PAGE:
Evaluating the Blue Jays starting rotation

As the Blue Jays prepare for game 101 of the 162-game baseball season grind in San Diego, the team’s rotation has certainly satisfied, maybe even surpassed fan expectations to this point in the season.

After losing David Price in free agency to the Boston Red Sox, many fans felt that the gap left in the rotation from his departure could not be filled. The Jays ability to fill the rotation’s void became dependent upon youngsters Aaron Sanchez and Marcus Stroman taking the next step in their respective developments, while hoping that veteran pitcher Marco Estrada could repeat the success he experienced during the 2015 campaign. The free agent signings of J.A. Happ; a former Jay who struggled mightily in his previous tenure with the club; as well as Jesse Chavez were overlooked, with all the attention focused on the trade that brought former Washington National reliever Drew Storen to Toronto to compete for the team’s closing role

At this point in the season, the rotation has significantly exceeded expectations. Aaron Sanchez after last night’s start has an astounding 11-1 record, to go along with a 2.72 ERA and 1.15 WHIP. Sanchez has won his last 10 starts, becoming the first Jays pitcher since Roy Halladay to do so. Sitting firmly in the American League Cy Young conversation, Sanchez has finally reached his sky-high potential in his 3rd big league season to help the Blue Jays rotation sore to new heights. Talks of maintaining his innings limit have halted given his stellar play; there are no indicators suggesting his play will begin to diminish as the season enters the final stretch.

Sanchez’s good friend Marcus Stroman has not experienced quite the same success this season after his miraculous September 2015 and playoff run, struggling with his command earlier on in the season and currently owning a 4.90 ERA, the highest among starters on the team. The team’s supposed ace still owns a respectable 8-4 record and has really bounced back in his last few starts, pitching deeper into ball games and commanding the strike zone the way fans know he can. Even with Stroman’s early/mid season struggles, the team is still positioned right in the thick of things atop the AL East.

Aside from the Jays’ young hurlers, the team’s position in the standings is largely attributed to the pitching of Marco Estrada and J.A. Haap.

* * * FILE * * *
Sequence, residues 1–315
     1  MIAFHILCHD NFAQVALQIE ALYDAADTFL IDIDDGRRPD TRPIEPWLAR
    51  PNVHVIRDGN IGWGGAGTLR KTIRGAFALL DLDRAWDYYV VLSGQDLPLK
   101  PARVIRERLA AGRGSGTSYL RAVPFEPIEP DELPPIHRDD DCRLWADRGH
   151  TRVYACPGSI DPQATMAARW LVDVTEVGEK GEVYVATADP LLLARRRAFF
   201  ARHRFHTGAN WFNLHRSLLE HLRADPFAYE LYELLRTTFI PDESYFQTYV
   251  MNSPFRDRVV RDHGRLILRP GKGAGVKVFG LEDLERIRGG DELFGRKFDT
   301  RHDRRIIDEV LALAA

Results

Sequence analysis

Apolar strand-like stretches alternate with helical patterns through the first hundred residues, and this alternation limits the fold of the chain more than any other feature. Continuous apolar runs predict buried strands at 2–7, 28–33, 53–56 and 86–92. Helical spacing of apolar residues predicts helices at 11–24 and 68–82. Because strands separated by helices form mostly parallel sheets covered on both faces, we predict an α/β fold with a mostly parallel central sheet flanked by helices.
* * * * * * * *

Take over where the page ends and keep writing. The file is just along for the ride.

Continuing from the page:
Estrada has excelled in his second full season with the Blue Jays, despite a stint on the disabled list with back pain, earning a 2.94 ERA and keeping his home runs allowed down as he did last season. The biggest surprise in the Blue Jays rotation has to be J.A. Happ. Whatever adjustments Haap made in Pittsburgh with pitching guru Ray Searage, they are paying dividends for him in the 2016 season. Haap has collected a team-high 13 wins on the season, with only 3 losses on his record; his impressive hurling has translated into an impressive 3.27 ERA and is coming off a start in which he allowed only one hit over six innings. It’s safe to say Haap has helped filled Price’s void and has become arguably the Jays most reliable starter.

The team’s fifth starter, R.A. Dickey, has had a typical season for his standards since joining the Blue Jays. Normally one to pick it up towards the latter half of the season, Dickey has yet to enter a groove with his knuckleball, as he allowed 6 earned runs over just three innings. I love Dickey as a locker room presence and high character guy, it just makes my skin boil when I recall that former GM Alex Anthopoulous traded away highly-touted prospect and current ace of the New York Mets, Noah Syndergaard, as well as the Mets current catcher, Travis D’Arnaud for a 38 year old knuckleballer. That certainly should go down as AA’s most short-sighted trade, but you can’t fully blame him given that Dickey was coming off an NL Cy Young season in 2012 and the Jays were in “win-now” mode.

With just over sixty games remaining in the 2016 regular season, look for the Jays rotation to continue its success and help lead the team into the postseason. As long as the Jays offense remains formidable and produces consistently, the team should be posed for its second consecutive playoff run.


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